The main motivation was get rvalue refs, which really speed up common usage of the string class and avoid excessive malloc & free calls that fragment the memory. When you assign one String equal to some temporary string (perhaps concatenating stuff), the rvalue ref lets the library just "steal" the buffer from the string that's about no longer exist and give it to the one receiving the data. Without this (eg, on all official Arduino boards), the assignment involves calling malloc for the string receiving the data, then a memcpy of all the data, and finally free() on the temporary string. The extra CPU time isn't great, but worst of all, this malloc/free usage pattern leaves a big hole in the heap. The C++0x rvalue ref was made to allow C++ objects that allocate memory to be more efficient in exactly this way.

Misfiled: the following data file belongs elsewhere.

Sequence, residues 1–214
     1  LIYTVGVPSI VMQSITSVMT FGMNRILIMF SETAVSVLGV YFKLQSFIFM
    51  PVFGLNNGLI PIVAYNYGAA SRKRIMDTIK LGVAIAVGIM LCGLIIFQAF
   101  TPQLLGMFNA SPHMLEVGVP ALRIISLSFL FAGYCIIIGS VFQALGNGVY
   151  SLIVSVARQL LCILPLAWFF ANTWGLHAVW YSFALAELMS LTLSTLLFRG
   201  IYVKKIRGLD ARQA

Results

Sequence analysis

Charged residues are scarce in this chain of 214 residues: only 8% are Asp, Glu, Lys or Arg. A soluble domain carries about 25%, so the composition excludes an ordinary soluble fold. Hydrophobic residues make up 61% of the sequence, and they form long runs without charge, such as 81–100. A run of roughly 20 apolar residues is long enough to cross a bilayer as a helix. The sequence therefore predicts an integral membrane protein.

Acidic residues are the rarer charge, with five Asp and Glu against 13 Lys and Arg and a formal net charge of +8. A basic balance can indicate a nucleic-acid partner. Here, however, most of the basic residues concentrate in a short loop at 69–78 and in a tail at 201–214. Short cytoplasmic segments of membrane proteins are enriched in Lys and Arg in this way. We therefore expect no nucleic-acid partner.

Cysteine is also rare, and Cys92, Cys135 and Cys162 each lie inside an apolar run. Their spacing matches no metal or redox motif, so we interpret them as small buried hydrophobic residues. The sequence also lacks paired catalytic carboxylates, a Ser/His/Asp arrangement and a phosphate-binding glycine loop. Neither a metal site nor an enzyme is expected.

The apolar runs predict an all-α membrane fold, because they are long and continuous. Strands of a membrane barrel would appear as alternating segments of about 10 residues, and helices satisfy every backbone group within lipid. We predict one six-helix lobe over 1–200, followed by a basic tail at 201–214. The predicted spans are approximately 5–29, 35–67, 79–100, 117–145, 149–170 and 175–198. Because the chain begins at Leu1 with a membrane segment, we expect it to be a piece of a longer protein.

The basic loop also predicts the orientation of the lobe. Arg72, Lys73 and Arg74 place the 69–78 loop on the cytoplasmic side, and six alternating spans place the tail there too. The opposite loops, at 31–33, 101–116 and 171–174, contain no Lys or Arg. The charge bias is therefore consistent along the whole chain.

One side effect, which rarely comes up, is some things that were only warnings become errors in C++0x. I think this is the second time I've ever heard of it happening.

I can take a look if you like. But the choice is going to be either fixing the code generating the warning/error, or turning off c++0x and losing rvalue refs that greatly benefit String usage.

bperrybap
10-26-2013, 08:03 PM
A bit more information on this as I'm still trying to track down what is really going on here.
It turns out that there is no warning that changes to an error.
(The code has so many warnings that I that it was a warning turning in to an error)
It is just that certain combinations of compiler version and options create a new error.
It is due to some pretty ugly/awful code. (I didn't write it).
Of course I've fixed it, (it needed many other updates to work on non AVR processors)